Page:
You probably already know that keeping your heart healthy depends in part on what you eat. Fortunately, the same diet that helps your heart is good for your eyes.
Eating a diet low in fat and rich in fruits, vegetables and whole grains can pay benefits not only to your heart but to your eyes. The connection isn't surprising: your eyes rely on tiny arteries for oxygen and nutrients, just as the heart relies on much larger arteries. Keeping those arteries healthy will help your eyes.
Some foods stand out as particularly helpful for eye health. Here are five things you should make sure are part of your diet for healthy vision.
Leafy green vegetables. Kale and spinach are high in lutein and zeaxanthin, two nutrients found in the healthy eye that may lower your risk for age-related macular degeneration (AMD). Other vegetables with significant amounts of lutein and zeaxanthin include romaine lettuce, collards, turnip greens, broccoli and peas. And while not leafy and green, eggs are also a good source of these nutrients.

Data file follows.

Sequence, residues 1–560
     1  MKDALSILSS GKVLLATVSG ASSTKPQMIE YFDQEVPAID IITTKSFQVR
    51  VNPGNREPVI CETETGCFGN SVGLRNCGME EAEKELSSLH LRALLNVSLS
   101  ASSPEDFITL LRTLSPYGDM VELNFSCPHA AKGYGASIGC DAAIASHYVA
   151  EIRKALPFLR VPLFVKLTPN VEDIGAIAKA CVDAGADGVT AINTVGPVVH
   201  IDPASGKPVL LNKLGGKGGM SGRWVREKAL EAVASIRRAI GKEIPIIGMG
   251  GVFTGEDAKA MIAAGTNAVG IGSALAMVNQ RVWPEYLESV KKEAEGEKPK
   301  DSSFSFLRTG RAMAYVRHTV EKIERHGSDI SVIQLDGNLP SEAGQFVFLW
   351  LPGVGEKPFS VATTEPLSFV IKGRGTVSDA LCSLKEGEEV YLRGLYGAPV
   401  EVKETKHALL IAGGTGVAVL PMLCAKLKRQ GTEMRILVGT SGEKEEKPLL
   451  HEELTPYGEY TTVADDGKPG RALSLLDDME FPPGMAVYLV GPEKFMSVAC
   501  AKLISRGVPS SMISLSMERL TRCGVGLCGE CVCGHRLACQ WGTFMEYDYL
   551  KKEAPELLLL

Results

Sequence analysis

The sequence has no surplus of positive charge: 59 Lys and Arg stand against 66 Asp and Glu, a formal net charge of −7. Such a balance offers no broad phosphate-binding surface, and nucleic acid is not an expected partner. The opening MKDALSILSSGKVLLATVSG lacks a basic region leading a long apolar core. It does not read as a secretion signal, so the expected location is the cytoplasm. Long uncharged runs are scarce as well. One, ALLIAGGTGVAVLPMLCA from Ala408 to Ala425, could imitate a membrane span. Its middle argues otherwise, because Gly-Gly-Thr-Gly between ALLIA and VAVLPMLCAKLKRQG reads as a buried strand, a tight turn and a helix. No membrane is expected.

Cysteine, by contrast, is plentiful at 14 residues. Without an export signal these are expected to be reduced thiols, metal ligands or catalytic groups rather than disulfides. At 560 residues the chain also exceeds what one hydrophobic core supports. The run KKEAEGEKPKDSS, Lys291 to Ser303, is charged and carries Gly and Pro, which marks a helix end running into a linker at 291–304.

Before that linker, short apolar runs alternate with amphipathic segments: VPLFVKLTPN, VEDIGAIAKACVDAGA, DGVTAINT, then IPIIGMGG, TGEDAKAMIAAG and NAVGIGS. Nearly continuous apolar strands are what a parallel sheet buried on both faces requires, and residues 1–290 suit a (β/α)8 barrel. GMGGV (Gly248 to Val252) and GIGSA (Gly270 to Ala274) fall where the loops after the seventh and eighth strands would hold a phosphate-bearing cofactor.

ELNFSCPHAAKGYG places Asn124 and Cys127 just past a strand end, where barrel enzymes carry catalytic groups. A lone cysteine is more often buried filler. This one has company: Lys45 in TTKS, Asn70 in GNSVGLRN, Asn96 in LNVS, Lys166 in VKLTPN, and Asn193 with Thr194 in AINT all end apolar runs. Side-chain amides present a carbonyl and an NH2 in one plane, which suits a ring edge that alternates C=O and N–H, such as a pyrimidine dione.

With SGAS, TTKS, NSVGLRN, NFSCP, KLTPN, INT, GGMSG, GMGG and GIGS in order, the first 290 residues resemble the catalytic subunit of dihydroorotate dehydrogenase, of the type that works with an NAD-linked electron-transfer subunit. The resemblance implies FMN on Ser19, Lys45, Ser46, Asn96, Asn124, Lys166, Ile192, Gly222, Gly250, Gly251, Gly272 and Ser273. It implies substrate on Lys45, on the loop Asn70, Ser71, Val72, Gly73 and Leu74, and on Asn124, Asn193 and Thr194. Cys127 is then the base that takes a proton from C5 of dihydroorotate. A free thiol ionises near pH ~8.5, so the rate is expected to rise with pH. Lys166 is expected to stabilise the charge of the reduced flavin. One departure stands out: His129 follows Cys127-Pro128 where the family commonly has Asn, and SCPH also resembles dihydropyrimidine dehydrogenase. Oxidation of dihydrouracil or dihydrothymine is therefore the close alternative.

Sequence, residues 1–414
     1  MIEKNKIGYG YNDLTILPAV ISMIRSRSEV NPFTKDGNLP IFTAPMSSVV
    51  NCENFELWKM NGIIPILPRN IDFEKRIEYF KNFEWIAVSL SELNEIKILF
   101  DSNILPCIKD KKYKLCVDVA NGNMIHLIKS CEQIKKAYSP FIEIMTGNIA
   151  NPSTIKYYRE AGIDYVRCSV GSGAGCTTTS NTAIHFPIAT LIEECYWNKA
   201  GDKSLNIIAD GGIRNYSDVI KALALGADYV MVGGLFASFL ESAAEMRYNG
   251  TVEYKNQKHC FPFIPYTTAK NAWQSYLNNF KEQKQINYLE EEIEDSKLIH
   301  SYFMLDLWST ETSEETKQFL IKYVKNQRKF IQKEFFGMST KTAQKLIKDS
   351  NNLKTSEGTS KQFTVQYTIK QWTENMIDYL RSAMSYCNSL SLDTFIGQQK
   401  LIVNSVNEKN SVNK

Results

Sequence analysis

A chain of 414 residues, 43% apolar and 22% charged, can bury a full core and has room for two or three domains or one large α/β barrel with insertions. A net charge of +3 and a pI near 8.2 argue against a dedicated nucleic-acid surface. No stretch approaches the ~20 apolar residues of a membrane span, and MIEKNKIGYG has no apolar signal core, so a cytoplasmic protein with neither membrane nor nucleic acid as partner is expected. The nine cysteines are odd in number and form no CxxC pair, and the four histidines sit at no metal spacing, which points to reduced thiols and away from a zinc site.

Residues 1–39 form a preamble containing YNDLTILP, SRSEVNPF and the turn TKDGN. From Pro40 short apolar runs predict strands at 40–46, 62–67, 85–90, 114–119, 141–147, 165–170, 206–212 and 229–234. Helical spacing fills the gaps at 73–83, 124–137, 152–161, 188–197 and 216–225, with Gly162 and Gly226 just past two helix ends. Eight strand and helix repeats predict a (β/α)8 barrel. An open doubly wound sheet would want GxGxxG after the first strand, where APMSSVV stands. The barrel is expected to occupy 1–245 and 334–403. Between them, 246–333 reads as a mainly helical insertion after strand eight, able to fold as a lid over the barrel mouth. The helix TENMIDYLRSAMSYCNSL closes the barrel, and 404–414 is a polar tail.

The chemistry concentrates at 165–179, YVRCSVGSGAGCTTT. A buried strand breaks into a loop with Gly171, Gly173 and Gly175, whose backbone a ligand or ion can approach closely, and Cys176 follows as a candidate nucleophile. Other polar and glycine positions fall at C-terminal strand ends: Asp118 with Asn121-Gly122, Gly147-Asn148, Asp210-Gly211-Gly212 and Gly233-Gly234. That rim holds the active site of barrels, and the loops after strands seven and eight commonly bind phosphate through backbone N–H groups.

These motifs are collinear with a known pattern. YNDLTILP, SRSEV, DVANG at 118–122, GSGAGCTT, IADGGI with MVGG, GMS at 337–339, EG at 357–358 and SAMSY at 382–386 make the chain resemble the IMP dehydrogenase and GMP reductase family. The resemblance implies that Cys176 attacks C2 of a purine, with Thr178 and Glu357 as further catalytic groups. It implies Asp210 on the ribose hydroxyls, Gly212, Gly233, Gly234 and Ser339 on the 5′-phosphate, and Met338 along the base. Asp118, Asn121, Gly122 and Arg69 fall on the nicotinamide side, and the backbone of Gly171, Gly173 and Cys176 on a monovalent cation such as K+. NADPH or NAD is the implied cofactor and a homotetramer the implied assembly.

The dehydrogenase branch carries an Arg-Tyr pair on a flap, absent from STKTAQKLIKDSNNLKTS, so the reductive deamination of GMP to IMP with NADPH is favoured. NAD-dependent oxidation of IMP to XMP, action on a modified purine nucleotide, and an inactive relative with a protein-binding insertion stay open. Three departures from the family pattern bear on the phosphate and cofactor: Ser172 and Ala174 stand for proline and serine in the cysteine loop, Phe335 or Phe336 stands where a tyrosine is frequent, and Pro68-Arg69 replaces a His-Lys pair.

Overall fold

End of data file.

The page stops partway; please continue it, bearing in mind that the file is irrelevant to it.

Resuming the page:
Citrus fruits. Oranges, tangerines, grapefruit and lemons are high in vitamin C, an antioxidant critical to eye health. Research shows that your eyes need relatively high levels of vitamin C to function properly, and antioxidants can prevent or at least delay cataracts and AMD. Lots of other foods offer vitamin C, including peaches, red peppers, tomatoes and strawberries.
Beans. All kinds of beans (legumes), including black-eyed peas, kidney beans and lima beans, contain zinc, an essential trace mineral that is found in high concentration in the eyes. Zinc may help protect your eyes from the damaging effects of light. Did you know that peanuts are a legume too? Other foods high in zinc include oysters, lean red meat, poultry and fortified cereals.
Cold-water fish. Research shows that diets rich in omega-3 fatty acid from cold-water fish may help reduce the risk of developing eye disease later in life. These fish include salmon, tuna, sardines and halibut.
Orange-colored vegetables and fruits. Carrots are high in beta-carotene, a nutrient that helps with night vision, as are other orange-colored fruits and vegetables like sweet potatoes, apricots and cantaloupe. Making them a part of a colorful diet can help you keep your eyes healthy.